require physical agility, and not everyone in your group may be able to keep up
or navigate difficult terrain or steep stairs. Booking an excursion for each
port is not a requirement, and not everyone is comfortable in a tender (small
boat) that may be bouncing along on rough waters to take passengers from ship
to shore and back in some ports. Read the reviews which have been written by others who
have taken those same excursions. You will receive a great deal of insight from
these testimonials. Not everyone has the same experiences, so you will read the
good, the bad and the ugly and then make your own decision. Excursions are not
usually cheap, so choose the ones that appear to give passengers the best
encounter for the relatively short time you are in port. Just remember that if
everyone makes their own choices, they cannot blame you if they are not charmed
by the experience.
4-Encourage everyone to
invest in non-drowsy Dramamine and
motion sickness wrist bands. Seas can swell during any season when a
storm pops up. It is far better to be prepared for the worst and not have to
use these items than to need them and either not be able to buy them or have to
spend a fortune to acquire them.
Port at Isla Roatan (Honduras)
5-Please remember that when
traveling with folks who have never cruised before, there is always the
potential to have someone in your group who becomes cruise-phobic once you are already out to sea and they get
antsy because they are locked into following the program for the next seven or
more days. Occasionally, there is a cruiser who feels confined or trapped by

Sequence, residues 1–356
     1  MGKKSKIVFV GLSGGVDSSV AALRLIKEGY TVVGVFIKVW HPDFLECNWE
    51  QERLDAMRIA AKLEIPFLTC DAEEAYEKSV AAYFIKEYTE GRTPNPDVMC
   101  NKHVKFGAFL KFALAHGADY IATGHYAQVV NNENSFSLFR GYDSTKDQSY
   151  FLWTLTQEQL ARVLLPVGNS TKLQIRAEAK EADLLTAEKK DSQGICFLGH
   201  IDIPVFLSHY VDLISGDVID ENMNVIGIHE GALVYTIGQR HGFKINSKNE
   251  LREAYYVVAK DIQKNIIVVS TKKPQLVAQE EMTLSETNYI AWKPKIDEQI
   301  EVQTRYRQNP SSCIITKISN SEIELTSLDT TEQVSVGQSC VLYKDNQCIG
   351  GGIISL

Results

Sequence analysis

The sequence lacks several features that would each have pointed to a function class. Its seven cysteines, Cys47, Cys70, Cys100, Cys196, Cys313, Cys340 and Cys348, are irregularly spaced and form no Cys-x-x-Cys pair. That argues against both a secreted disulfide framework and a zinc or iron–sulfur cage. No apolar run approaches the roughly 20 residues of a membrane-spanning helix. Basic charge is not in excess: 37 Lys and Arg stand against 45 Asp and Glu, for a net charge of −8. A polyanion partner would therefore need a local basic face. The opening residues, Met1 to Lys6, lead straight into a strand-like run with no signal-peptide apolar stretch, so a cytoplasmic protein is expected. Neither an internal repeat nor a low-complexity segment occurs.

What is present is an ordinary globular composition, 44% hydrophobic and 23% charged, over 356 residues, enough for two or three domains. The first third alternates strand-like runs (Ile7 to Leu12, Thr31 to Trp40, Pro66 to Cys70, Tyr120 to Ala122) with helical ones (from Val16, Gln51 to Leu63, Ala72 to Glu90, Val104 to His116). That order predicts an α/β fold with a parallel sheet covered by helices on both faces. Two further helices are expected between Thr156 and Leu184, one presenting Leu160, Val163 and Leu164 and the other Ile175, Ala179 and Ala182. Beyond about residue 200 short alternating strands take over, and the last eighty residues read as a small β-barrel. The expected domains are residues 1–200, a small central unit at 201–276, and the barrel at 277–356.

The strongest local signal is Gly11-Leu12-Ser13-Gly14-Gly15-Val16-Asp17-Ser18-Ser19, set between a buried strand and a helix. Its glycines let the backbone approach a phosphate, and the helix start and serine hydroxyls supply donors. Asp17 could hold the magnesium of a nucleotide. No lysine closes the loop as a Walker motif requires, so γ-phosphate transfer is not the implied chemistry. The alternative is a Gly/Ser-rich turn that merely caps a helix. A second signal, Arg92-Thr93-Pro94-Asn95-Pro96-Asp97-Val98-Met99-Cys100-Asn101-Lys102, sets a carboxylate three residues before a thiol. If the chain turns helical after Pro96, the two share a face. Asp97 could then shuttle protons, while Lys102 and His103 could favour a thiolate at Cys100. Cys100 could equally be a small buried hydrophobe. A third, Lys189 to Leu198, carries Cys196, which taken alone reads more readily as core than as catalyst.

not being able to simply say after a couple of days, “I don’t want to do this any
more.” It really is not their fault. They have never been in this situation
before and could not predict that they would feel this way. Try to encourage
them by keeping them busy with activities and the multitude of fun things to do
that are available to them on the cruise.
Warning! One last tip that
comes to us from Cruise Expert, Kate Jensen: For any travel outside the U.S.
borders, be sure that everyone in your party has a valid passport that does not
expire within six months from your trip departure date. That sounds like a no-brainer, but Fred
and I actually have a friend who was on his way to the Newark Airport for a
fabulous golf trip in Scotland with his buddies and discovered that his
passport had just expired. He had some serious scrambling to do to get to
Connecticut to obtain an expedited passport renewal and re-book a flight to
catch up with his friends. He missed most of the golf outings and spent a
fortune securing a last minute flight.
Back to the benefits of
cruising, Fred and I believe that cruises are a fabulous way to experience a
variety of destinations for short periods of time, gaining insight on whether
or not we would have the desire to return for a longer stay. A cruise offers
the opportunity to do as much or as little as you wish. You can stay busy from
morning until late at night, or you can kick back and do nothing. The sunrises and sunsets from your balcony can be amazing and unforgettable. One thing is
for certain--you will never go hungry on a cruise, and each port is a new
If you have any questions about cruises, contact Kate Jensen who is
an expert resource:Kate
Jensen, ECC CruiseOne-Myrtle Beach (843) 655-5158 cell phone
See you soon for a visit to another fabulous location...